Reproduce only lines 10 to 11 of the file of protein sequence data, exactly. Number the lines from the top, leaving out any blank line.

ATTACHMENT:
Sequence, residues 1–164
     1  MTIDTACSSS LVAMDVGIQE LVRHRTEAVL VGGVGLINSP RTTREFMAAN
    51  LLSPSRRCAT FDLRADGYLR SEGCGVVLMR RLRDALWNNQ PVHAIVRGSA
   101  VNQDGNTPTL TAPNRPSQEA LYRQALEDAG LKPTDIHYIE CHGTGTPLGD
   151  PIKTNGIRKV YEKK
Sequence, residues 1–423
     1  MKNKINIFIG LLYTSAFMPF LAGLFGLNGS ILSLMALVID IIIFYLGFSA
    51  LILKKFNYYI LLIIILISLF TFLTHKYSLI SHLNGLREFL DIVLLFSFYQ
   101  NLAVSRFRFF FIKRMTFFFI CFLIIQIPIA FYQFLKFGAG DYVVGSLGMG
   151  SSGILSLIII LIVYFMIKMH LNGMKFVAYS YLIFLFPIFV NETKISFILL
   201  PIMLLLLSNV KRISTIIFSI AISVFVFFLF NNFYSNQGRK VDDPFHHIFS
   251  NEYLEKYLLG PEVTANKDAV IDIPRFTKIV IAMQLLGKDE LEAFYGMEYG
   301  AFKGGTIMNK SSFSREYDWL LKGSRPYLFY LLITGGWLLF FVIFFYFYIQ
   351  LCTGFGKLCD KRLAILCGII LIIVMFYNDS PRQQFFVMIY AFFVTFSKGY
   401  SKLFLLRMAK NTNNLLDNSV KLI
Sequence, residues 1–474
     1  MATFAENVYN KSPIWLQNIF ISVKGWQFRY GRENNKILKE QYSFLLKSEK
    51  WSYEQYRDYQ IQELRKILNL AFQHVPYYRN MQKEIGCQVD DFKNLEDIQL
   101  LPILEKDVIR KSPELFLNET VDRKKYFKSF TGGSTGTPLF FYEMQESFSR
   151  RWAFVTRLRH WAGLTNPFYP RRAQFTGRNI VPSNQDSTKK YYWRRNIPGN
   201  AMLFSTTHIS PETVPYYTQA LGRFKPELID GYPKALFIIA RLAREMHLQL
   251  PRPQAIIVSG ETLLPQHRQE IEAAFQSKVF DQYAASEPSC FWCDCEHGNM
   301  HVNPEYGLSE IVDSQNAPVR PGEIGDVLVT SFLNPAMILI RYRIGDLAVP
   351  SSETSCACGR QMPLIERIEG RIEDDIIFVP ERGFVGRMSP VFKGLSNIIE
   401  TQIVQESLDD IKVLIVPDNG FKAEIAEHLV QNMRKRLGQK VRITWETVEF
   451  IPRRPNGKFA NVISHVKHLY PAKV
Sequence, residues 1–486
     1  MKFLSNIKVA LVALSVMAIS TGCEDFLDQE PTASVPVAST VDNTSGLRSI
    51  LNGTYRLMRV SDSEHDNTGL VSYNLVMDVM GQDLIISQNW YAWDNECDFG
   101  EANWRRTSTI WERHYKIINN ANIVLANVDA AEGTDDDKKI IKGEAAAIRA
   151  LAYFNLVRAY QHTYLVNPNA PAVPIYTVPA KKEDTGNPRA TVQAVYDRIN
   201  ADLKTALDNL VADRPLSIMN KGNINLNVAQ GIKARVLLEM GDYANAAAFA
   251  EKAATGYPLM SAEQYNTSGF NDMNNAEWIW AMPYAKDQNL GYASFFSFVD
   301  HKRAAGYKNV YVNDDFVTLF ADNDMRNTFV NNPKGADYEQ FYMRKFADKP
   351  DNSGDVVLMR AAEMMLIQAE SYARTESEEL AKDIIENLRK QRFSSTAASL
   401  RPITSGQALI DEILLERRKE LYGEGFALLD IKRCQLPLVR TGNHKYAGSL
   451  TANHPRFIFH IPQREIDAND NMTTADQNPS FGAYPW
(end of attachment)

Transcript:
   151  SSGILSLIII LIVYFMIKMH LNGMKFVAYS YLIFLFPIFV NETKISFILL
   201  PIMLLLLSNV KRISTIIFSI AISVFVFFLF NNFYSNQGRK VDDPFHHIFS